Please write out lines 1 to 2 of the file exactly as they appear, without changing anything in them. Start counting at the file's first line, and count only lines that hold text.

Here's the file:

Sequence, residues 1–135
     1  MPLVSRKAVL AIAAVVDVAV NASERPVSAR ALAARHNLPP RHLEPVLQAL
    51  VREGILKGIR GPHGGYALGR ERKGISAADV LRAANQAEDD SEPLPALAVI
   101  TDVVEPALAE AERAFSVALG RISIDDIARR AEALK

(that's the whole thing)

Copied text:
Sequence, residues 1–135
     1  MPLVSRKAVL AIAAVVDVAV NASERPVSAR ALAARHNLPP RHLEPVLQAL